Lionel Smith, a Visiting Fellow at All Souls College, Oxford, sends us an overview of the college and of his research there, with a revealing anecdote about the College’s brief experimentation with nepotism…
Among Oxford’s 38 colleges and private halls, All Souls College (bottom photo) is unusual in lacking any student members.
Founded in 1438 by King Henry VI and Henry Chichele, Archbishop of Canterbury, it has evolved into a research institution that also maintains strong ties to civil society. The College has no formal disciplinary specialization, but it is traditionally strong in law, economics, classics, history, and mathematics.
All Souls has a slightly bewildering array of categories of fellowship. Some fellows hold research Chairs in Oxford University, while others are Senior Research Fellows without any formal teaching obligations. Every year the College elects two Fellows by Examination from among dozens of candidates, who must be recent graduates from an Oxford undergraduate program.
The College has not always been synonymous with research excellence. For many years, fellowships were not granted on academic excellence but often on the basis of nepotism. This was true during the time of Sir William Blackstone (fellow, 1743-66) who was the first Vinerian Professor of English Law (top photo) and indeed the first person to teach English law in a university.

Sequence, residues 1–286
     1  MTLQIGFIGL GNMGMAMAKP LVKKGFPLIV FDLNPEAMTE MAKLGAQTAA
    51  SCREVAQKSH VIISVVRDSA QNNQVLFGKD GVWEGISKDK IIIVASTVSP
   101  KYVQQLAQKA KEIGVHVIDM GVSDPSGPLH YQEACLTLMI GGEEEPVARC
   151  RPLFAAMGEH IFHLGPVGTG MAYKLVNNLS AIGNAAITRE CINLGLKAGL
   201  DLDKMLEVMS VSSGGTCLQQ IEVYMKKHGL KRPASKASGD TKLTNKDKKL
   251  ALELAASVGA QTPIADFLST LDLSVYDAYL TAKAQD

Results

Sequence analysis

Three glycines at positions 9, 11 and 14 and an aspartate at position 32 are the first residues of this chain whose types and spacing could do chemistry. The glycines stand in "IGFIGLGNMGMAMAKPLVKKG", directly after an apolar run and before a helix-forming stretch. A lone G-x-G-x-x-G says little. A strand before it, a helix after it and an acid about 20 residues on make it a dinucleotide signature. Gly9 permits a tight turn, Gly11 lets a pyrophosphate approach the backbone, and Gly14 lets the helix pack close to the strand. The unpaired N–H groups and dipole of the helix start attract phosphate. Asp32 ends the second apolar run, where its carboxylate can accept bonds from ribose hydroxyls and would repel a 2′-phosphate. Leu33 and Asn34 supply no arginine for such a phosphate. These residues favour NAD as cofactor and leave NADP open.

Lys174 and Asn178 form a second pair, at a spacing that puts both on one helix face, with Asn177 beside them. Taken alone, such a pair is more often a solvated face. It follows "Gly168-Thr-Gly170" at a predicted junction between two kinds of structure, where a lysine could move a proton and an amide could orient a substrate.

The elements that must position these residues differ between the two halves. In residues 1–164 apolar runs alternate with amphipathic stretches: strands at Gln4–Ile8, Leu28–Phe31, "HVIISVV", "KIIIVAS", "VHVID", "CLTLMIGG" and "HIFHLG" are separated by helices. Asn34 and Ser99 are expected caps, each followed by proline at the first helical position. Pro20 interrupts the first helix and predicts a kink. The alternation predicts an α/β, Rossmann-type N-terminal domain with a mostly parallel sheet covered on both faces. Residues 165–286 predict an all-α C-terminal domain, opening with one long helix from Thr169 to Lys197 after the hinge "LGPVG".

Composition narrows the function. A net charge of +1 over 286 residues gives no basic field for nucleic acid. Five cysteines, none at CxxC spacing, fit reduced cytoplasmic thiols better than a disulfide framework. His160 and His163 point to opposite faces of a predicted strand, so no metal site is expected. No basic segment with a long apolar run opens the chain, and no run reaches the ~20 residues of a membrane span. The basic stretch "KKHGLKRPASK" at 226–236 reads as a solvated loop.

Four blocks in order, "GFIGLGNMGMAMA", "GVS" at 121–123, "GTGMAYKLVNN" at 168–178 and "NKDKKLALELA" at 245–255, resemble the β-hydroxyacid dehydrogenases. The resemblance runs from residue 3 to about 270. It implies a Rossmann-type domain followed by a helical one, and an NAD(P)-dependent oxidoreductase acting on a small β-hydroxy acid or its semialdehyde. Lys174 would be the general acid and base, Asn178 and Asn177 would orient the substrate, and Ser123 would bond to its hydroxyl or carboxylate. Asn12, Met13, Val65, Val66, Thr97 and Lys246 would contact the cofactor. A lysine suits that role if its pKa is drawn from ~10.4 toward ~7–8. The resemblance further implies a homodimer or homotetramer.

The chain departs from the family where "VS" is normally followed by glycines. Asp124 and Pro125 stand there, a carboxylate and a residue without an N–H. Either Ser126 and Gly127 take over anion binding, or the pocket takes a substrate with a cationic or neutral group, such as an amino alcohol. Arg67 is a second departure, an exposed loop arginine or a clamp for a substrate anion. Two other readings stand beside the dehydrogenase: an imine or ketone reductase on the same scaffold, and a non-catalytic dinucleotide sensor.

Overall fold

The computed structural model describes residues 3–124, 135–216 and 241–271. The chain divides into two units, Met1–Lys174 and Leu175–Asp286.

Under the leadership of the lawyer Sir William Anson in the late 19th century, the College’s statutes were reformed to ensure that it took a more active role in the university and the wider world. It was at this time that the system of Examination Fellowships was established.
Even in the 20th century, however, further reforms were recommended, and this led eventually to the creation of the system of Visiting Fellowships, which is open to scholars all over the world. About a dozen Visiting Fellows are elected each year.
During my own visiting fellowship, I am pursuing research into the law governing the fiduciary obligation of loyalty, an evolving field of private law that has generated a great deal of litigation and theoretical controversy over the last thirty years. All Souls is the perfect setting for quiet reflection and study.
Lionel Smith was elected a Visiting Fellow at Oxford’s All Souls in 2011.
Top photo: Portrait of Sir William Blackstone, artist unknown, National Portrait Gallery, London, UK.
Bottom photo: View of All Souls College, courtesy of Mr Sergio Morchon, Flickr Creative Commons.